Dadaism, which was a movement that started in the mid-1910's, was the forefather of modern surrealist humor. You’ve probably heard of Surrealism, if not Dadaism, and while the two are not mutually exclusive, they are related. We’re only talking about Dadaism today though; surrealism will have to wait its turn.
The cliffnotes version of the philosophy of Dadaism can be summarized thus; all (European) artists came back from the WW1 and collectively decided that if the world didn’t make sense anymore, neither should art. After all, art has always been linked to social and political commentary (which in itself is a fascinating topic as well, let us know in the comments if you’d like to read about it!). At this point in time, as put succinctly but tumblr user kaseal, "the artists (who made dada) lived in a world... in which conventional logic led to the senselessness of a world war." So, they concluded that the logical next step was to eschew logic altogether, throw the rules of convention out the window, and reinvent the concept of art itself. And while Dadaism was largely confined to Europe, this general philosophy was a global phenomenon, because the circumstances that led to it were global.
Even if you haven’t heard of Dadaism before, you’re probably familiar with some of the things the movement gave us. Collaging, for example, was born from the Dadaist movement. Absurdist and surrealist sculpture, such as Marcel Duchamp’s ‘Fountain’, and Méret Oppenheim’s 'Le Déjeuner en fourrure’ (Breakfast in Fur), were vanguards of both ideologies respectively (‘Absurdism’ is more of a literary term, but the spirit of it still applies).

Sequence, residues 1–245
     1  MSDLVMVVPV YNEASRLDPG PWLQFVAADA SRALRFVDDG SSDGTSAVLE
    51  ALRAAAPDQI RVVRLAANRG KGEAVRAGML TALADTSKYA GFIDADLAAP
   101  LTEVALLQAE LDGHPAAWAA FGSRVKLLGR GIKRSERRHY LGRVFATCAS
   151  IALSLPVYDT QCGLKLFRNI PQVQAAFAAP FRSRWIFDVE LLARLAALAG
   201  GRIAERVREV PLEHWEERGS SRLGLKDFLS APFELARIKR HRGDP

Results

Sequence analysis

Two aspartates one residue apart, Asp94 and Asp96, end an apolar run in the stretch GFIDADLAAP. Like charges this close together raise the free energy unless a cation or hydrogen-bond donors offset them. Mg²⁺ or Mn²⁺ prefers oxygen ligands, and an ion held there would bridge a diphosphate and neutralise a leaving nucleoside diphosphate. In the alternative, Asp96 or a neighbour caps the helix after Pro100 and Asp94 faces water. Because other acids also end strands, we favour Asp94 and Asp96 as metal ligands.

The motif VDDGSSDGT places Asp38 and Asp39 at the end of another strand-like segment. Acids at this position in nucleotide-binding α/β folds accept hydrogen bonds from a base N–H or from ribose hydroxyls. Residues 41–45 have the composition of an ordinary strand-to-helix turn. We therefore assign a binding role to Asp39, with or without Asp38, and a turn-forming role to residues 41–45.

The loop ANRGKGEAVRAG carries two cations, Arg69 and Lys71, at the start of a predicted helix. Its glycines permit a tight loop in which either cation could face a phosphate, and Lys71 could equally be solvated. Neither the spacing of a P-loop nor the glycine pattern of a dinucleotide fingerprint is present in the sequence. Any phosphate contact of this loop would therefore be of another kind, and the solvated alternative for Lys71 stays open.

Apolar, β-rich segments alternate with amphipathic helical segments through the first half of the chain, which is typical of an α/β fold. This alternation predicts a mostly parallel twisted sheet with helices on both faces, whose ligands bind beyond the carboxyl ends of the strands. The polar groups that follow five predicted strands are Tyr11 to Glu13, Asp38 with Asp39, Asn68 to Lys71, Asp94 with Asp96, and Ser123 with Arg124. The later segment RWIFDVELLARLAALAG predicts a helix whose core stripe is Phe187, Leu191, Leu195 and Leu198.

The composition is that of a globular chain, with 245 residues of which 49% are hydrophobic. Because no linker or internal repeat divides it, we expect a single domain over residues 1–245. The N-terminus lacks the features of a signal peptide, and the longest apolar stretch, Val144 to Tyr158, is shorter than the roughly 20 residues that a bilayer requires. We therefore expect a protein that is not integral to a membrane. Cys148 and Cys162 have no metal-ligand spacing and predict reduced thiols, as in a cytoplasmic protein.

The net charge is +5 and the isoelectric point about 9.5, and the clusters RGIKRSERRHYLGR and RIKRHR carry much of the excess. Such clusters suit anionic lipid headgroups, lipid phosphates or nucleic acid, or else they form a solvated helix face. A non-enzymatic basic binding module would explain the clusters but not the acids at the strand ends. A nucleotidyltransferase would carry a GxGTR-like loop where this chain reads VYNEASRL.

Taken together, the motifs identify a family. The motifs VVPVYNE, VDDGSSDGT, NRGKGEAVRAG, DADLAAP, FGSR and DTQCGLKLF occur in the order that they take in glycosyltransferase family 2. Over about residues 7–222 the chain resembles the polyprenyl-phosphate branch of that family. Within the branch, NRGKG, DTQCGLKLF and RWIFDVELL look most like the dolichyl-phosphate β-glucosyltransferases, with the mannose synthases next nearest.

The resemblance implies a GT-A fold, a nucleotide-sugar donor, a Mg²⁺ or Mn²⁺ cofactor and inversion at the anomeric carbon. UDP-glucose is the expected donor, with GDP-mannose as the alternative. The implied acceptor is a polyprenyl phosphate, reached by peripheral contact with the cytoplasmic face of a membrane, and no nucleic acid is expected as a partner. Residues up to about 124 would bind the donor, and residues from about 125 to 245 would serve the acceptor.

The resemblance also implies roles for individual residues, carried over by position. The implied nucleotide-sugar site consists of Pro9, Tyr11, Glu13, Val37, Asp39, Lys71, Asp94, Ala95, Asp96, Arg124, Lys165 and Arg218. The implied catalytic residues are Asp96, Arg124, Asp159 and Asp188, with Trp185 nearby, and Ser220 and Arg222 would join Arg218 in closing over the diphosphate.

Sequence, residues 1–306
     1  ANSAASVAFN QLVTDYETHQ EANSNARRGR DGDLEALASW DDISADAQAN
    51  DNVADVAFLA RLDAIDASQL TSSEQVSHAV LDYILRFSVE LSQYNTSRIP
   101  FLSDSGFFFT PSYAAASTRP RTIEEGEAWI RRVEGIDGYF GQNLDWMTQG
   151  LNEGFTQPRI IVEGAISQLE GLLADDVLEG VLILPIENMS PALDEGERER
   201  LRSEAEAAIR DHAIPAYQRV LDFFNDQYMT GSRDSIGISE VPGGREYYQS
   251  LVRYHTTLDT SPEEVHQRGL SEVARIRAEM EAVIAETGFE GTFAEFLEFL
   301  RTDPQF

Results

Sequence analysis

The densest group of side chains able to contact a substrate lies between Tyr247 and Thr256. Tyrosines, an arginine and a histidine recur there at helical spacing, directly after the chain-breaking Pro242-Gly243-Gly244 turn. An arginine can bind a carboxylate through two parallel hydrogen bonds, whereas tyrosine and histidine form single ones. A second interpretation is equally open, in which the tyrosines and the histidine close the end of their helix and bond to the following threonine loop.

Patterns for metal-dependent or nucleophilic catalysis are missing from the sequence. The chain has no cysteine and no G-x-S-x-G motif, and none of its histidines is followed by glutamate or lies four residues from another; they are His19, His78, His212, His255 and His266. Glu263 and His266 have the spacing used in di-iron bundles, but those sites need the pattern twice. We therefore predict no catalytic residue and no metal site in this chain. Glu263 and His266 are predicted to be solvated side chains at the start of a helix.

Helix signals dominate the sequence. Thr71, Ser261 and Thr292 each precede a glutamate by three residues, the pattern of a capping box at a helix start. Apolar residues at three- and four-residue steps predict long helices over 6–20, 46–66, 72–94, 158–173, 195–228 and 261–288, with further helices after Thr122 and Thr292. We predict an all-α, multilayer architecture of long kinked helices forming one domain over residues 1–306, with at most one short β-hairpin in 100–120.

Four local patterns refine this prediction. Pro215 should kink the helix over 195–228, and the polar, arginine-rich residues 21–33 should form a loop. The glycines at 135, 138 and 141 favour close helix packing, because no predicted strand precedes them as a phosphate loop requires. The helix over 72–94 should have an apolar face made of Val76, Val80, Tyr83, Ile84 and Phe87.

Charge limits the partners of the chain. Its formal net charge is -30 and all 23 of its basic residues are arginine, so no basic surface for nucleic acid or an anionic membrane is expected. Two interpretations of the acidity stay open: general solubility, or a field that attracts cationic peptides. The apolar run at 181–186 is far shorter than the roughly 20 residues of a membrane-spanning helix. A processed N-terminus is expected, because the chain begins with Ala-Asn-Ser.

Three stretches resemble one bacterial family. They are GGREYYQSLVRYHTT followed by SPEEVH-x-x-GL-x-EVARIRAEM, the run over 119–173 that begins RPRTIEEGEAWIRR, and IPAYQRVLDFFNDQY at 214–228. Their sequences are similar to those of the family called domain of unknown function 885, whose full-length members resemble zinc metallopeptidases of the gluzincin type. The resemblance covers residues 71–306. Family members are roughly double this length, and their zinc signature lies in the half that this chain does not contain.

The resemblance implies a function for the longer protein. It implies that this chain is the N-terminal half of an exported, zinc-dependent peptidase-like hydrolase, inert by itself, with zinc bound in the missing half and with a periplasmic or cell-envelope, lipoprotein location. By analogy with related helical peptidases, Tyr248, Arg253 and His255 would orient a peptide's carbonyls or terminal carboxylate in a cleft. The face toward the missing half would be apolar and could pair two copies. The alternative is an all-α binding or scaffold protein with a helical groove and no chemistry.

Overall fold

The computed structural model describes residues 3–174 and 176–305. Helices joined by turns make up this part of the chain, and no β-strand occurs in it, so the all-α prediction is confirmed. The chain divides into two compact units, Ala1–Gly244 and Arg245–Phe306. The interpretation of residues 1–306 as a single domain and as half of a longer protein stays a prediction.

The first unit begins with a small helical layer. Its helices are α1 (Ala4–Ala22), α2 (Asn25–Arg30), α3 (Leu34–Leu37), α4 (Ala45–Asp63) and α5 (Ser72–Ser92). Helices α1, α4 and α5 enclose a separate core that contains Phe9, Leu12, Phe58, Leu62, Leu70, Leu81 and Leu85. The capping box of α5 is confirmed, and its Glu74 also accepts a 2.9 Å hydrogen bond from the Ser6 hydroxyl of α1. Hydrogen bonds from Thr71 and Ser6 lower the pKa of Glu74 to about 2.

You’re probably thinking, ‘what is that?’ An excellent question, and also, arguably, the whole point of the work. Without getting too deep into the philosophy of it, that’s what Dadaism is about; you’re supposed to go ‘???’ at first. Avant-garde art may seem run-of-the-mill to us today, but back in the 1920’s it was brand new, and that newness was reflected in a sharp change in general society and mentality brought on by the horror movie that was the entirety of WW1. But after that initial reaction, you start to think of things differently, right? You’re thinking, what is he trying to say? For example, my instinctive interpretation of Duchamp’s ‘Fountain’ is that it is a literal representation of his opinion of ‘fine art’ culture. ‘Breakfast in Fur’; interesting, fascinating, kind of pretty to look at, but ultimately utterly useless. Which in turn could be indicative of what the general attitude towards art, even by artists, had become. Until WW1, art was a respected profession, but post the war and the subsequent social depression, it was deemed largely useless (which is an attitude, it could be argued, exists even today). After all – you can’t eat a painting. Even so, people kept making art, because the heart wants what it wants, and really, it was more art culture that was the problem, rather than art itself. Besides, social and political commentary has its own value; freedom of speech and expression, right? But that is